Buying and implementing an LMS is an initiative that’s filled with potential pitfalls too. Between lack of intimate knowledge of the product and service you are planning to acquire, and the sometimes misleading information provided during sales pitches, it’s hard to see through the smoke.
Here are some common pitfalls that you should look out for and avoid:
1. Long-term versus Satisfied customers – which is better?
When choosing your LMS partners, be careful not to get trapped in the sales semantics that you may come across. Many vendors will use various measures of “customer satisfaction” to prove their worth.
The two metrics (long-term clients vs satisfied clients) aren’t the same though! Some clients are “stuck” with a vendor they detest, not by choice but by circumstances. They may want to switch, but their content and courses are tied so heavily with proprietary technologies, it becomes cost-prohibitive to dump their existing vendor. Make sure you take a long hard look at what metrics your future LMS vendor is highlighting.
2. Think future…but don’t shoot for the moon!
Earlier in this article you were encouraged to look to the future. However, sometimes, in doing so you may end up paying for features and functionality that might not really suit your company’s needs.
Often, LMS vendors will dazzle you with tempting sales pitches that you could find hard to resist. For instance, while having a Talent Management suite integrated with your LMS may sound great; why would you pay for it if Talent Management is not on the horizon for your company? Don’t overbuy!
3. Consider the vendor relationship
While it may be tempting to go with the cheapest option or the biggest name in the industry– you may want to reconsider. The low-cost options may not provide the level of support you’ll need and the “big guys” may end up treating you like another fish in a big ol’ pond.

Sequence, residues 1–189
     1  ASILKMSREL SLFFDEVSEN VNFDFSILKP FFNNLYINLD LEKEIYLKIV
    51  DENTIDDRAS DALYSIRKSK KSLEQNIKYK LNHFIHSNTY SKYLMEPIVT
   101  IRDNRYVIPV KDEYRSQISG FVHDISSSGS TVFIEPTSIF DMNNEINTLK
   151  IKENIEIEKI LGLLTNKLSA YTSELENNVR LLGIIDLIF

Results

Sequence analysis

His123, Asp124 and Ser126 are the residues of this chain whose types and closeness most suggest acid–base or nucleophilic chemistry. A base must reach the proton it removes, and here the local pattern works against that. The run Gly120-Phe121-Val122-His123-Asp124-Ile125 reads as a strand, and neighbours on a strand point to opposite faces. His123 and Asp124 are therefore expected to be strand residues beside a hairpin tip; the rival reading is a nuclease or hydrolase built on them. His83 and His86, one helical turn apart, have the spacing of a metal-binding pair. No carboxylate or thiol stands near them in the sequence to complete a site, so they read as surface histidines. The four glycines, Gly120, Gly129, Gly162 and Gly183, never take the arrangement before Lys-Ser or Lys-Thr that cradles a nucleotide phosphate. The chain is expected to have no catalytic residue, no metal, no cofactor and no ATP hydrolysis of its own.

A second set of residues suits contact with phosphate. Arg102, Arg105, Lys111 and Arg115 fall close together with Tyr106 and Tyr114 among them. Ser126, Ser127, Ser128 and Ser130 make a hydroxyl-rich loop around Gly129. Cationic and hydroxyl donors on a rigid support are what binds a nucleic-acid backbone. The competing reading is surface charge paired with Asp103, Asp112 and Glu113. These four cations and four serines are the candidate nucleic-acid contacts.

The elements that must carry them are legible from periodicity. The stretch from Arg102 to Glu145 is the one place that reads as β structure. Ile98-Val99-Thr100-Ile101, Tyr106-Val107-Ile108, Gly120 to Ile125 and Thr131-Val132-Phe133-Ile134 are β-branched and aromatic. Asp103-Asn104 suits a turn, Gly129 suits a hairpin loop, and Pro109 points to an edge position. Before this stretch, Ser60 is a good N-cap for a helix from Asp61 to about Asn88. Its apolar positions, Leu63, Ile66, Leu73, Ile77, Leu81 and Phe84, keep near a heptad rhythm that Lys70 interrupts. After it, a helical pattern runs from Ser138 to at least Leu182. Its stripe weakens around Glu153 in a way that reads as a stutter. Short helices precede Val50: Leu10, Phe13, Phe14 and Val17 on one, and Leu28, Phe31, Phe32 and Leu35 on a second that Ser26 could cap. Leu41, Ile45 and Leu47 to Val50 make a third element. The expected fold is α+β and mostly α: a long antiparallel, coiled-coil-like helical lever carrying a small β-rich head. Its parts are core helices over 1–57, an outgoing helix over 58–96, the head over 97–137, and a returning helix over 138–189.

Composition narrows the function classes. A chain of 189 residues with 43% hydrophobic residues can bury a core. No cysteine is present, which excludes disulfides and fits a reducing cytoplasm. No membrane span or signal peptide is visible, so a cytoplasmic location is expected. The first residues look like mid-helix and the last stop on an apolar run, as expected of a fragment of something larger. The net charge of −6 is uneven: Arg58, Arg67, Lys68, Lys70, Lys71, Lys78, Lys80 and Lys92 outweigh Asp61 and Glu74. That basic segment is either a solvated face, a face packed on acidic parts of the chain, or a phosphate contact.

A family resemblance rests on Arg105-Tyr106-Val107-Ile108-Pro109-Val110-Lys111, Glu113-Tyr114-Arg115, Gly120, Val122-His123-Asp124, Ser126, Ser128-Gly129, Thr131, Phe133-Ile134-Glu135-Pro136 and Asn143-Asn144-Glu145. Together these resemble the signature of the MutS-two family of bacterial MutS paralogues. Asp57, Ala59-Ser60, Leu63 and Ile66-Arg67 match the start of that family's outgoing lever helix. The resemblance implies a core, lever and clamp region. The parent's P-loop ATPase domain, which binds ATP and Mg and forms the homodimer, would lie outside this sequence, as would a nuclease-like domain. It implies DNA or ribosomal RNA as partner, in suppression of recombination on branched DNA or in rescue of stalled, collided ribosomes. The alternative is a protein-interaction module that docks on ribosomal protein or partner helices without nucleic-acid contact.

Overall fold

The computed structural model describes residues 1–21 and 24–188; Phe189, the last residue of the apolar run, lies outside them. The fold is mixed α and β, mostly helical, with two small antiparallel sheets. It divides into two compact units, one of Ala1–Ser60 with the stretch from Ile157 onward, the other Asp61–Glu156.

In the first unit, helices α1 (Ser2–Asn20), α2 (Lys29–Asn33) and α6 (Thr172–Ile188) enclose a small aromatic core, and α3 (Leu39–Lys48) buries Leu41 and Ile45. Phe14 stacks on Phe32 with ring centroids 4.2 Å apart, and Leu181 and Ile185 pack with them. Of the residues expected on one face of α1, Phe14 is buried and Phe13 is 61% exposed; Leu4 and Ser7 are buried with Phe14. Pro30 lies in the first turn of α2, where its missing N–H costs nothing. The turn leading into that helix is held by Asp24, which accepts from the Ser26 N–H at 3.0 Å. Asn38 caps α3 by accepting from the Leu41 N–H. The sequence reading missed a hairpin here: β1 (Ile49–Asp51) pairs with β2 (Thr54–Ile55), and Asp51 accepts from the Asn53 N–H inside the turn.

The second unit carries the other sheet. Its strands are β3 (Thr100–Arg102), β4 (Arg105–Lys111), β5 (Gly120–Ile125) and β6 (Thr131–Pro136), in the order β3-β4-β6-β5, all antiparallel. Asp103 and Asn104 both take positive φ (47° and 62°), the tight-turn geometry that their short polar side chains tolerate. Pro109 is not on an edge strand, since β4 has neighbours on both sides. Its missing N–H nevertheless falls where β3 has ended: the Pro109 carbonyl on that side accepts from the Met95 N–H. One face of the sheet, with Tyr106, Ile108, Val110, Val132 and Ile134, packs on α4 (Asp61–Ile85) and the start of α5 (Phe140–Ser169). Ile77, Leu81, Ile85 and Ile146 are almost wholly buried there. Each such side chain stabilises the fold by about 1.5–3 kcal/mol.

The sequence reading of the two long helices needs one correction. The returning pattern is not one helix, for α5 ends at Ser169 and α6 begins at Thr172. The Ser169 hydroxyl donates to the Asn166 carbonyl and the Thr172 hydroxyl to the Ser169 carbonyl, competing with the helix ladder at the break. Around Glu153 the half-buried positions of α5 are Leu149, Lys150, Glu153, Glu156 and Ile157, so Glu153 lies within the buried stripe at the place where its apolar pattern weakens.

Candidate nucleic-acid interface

Your LMS vendor should align with your own company’s values and be an extension of your business. Essentially, a partner in helping you achieve your training goals.
Hopefully, by the time you buy and implement your next (or first, if this is your initial purchase) LMS, you will be able to make educated decisions. However, it is always a good idea to document everything you learned from your experiences – regardless if this is your first, second or fifth acquisition/implementation.
Some points to address during a formal Lessons Learned session are:
- Were your system requirements and specifications accurate – if not, why not? What should be done to improve them for the next upgrade or update cycle?
- Did you choose the right vendor or implementation partner – if not, what was the reason? What should you do differently the next time around?
- What didn’t you consider when implementing the system?
- Was support adequate, even if it was, what should you do next time to make it even better?
Having a Lessons Learned document in your company’s archives will make it easier for future decision makers; and will also make the acquisition and implementation process more effective and efficient.